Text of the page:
“Deals are found in closed, informal meetings without taking full account of the impact or burden that compromise amendments may impose,” it says.
EURACTIV exclusively revealed that the European Ombudsman, who investigates maladministration, is considering launching a probe into the secretive negotiations.
The Commission will strengthen its Regulatory Fitness and Performance Programme (REFIT), which will be “central” to the work of the Commission.
A new REFIT stakeholder platform will be established. It will involve experts from business and civil society and all 28 member states, and be chaired by Timmermans.
A new website feature called “Lighten the Load – Have your say” will be set up so that the public can comment on any EU law at any time.
“Tell us what you find irritating, burdensome or in need of improvement,” the communication says.
Any stakeholder will be able to give opinions and make suggestions as to how EU laws can be improved, the draft, says.
Consultations will now cover “the entire lifecycle of a policy”. At the start of an initiative “Roadmaps” and Inception Impact Assessments” will be open for comment from the public.
12 week public consultations will be held during the impact assessment process and during evaluations of existing laws.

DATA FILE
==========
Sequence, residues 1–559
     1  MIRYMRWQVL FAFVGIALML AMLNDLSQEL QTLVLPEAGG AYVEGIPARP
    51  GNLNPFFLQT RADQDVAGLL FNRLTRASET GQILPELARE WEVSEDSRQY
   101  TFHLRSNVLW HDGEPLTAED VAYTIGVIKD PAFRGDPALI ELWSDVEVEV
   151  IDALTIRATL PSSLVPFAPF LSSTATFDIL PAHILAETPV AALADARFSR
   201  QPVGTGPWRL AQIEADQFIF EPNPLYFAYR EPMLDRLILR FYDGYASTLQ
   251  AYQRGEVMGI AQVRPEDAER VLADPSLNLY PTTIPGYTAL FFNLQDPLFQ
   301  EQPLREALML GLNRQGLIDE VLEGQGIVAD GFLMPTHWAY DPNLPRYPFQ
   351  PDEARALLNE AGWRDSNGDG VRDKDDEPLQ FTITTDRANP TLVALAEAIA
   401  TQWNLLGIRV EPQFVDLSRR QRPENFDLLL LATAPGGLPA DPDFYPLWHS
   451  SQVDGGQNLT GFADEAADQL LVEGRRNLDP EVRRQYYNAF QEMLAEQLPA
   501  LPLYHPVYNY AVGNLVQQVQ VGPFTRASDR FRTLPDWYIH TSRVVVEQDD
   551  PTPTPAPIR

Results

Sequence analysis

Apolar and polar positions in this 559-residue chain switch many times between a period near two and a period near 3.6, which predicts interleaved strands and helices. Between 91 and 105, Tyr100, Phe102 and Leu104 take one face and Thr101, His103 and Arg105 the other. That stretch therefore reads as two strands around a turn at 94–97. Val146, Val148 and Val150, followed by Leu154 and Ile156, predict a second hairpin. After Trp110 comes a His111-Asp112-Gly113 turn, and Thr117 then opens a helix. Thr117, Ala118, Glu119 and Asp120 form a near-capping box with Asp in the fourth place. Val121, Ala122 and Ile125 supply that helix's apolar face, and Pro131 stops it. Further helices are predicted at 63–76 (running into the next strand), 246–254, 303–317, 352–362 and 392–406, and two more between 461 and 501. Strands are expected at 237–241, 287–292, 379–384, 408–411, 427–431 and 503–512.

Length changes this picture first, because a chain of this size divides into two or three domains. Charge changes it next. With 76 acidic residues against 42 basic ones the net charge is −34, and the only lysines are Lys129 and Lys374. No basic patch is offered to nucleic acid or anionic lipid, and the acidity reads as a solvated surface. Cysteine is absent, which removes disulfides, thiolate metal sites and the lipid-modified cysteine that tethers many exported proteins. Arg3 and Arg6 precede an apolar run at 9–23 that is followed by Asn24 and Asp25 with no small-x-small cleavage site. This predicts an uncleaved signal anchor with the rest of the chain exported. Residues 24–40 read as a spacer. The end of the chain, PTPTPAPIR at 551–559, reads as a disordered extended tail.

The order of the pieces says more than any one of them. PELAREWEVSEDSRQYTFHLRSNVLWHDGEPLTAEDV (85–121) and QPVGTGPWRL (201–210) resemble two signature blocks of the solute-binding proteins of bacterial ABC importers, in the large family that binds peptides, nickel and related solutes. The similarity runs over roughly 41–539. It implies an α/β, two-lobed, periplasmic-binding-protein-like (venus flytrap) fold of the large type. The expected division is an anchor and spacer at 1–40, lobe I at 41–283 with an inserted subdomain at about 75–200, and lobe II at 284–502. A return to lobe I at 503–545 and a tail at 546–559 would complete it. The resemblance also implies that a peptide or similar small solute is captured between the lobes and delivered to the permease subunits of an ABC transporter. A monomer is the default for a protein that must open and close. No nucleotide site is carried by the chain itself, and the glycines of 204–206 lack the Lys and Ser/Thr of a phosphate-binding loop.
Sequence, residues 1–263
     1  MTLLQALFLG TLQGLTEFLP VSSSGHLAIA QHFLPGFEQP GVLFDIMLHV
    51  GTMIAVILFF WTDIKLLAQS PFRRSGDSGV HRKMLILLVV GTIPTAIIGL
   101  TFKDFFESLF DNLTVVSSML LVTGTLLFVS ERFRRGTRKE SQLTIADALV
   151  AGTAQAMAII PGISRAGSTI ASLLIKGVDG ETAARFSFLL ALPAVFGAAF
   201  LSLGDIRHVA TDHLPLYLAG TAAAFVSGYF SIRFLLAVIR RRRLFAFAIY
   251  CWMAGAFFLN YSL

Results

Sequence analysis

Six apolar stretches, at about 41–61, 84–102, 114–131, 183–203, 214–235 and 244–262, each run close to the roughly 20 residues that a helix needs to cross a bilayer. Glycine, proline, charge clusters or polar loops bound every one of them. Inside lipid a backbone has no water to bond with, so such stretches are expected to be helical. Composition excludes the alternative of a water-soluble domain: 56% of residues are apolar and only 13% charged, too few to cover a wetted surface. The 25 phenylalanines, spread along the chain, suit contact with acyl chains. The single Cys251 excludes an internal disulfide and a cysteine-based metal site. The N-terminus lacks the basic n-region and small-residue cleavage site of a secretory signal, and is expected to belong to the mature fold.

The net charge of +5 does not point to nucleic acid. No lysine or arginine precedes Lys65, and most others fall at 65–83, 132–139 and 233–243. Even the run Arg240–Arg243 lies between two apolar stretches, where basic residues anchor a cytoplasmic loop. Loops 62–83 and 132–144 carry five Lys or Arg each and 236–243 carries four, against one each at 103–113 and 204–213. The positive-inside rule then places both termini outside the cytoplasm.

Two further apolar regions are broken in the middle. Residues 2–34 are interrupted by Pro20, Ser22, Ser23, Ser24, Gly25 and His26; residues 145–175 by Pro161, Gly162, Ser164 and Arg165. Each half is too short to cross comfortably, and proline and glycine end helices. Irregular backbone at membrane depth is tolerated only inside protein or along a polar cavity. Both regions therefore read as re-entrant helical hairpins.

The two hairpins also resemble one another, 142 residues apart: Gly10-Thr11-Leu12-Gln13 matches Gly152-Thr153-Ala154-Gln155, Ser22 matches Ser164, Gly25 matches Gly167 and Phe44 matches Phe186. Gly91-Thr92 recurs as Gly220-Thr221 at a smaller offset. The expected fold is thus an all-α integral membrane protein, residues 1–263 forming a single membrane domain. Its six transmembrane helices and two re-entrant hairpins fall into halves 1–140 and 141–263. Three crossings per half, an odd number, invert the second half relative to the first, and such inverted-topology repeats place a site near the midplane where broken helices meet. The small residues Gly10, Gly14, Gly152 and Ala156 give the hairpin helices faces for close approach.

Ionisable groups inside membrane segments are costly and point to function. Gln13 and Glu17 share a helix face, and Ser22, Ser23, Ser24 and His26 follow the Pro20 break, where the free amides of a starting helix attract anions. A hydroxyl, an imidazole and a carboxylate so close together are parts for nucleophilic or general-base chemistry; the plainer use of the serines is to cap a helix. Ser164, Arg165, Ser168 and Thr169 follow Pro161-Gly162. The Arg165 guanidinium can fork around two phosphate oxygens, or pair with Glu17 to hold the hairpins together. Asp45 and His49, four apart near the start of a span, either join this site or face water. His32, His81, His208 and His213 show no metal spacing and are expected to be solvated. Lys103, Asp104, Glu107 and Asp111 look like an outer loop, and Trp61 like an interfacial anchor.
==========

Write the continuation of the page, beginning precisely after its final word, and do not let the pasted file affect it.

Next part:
After the Commission adopts a bill, the public, and interested organisations, will have an eight week window to give feedback. That will be given to the Parliament and Council before they debate a bill.
For the first time, draft delegated acts and implementing acts – additional non-essential clauses on how to put the law into practice – will be open to public consultation for four weeks.
A new reinforced Regulatory Scrutiny Board will replace the Impact Assessment Board. It will have six full time members and three hired from outside of the EU institutions.
Impact assessments will need to be backed by the board, which will also scrutinise existing laws, before the Commission will consider a policy proposal.
The new board was announced in December, but EURACTIV understands it may ultimately act for all the institutions, and not just the Commission.
But critics are concerned that the board would have a veto on a bill before the Parliament and Council can debate it. They also believe that any independent board member is likely to be extremely business friendly.
Some civil society organisation are worried the lighter regimes and exemptions for SMEs and micro-business could hit environmental, health, safety and consumer standards.
The Commission never comments on leaks.
Jean-Claude Juncker, the new president of the European Commission, pledged to refocus the EU executive on the bigger political issues of the day and cut regulations seen as unnecessary or hampering business activity.
Juncker nominated his First Vice-President Frans Timmermans in a new role watching over the subsidiarity principle, whereby the EU should only intervene where it can act more effectively than national or local governments.
The Council of the EU and European Parliament make amendments to draft law. The better regulation strategy calls for substantive amendment to be scrutinised by experts.